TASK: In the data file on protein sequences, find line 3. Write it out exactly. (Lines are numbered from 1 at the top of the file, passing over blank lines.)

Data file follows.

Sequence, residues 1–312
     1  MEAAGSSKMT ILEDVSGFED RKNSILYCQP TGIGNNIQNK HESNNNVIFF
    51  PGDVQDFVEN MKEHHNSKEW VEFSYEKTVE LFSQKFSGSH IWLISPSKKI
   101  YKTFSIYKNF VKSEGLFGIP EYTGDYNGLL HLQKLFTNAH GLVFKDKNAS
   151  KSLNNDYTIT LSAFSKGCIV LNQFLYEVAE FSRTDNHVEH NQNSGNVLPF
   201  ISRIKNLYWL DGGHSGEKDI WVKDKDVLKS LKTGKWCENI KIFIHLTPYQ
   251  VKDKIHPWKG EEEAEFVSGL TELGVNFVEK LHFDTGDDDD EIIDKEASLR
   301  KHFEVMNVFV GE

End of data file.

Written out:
    51  PGDVQDFVEN MKEHHNSKEW VEFSYEKTVE LFSQKFSGSH IWLISPSKKI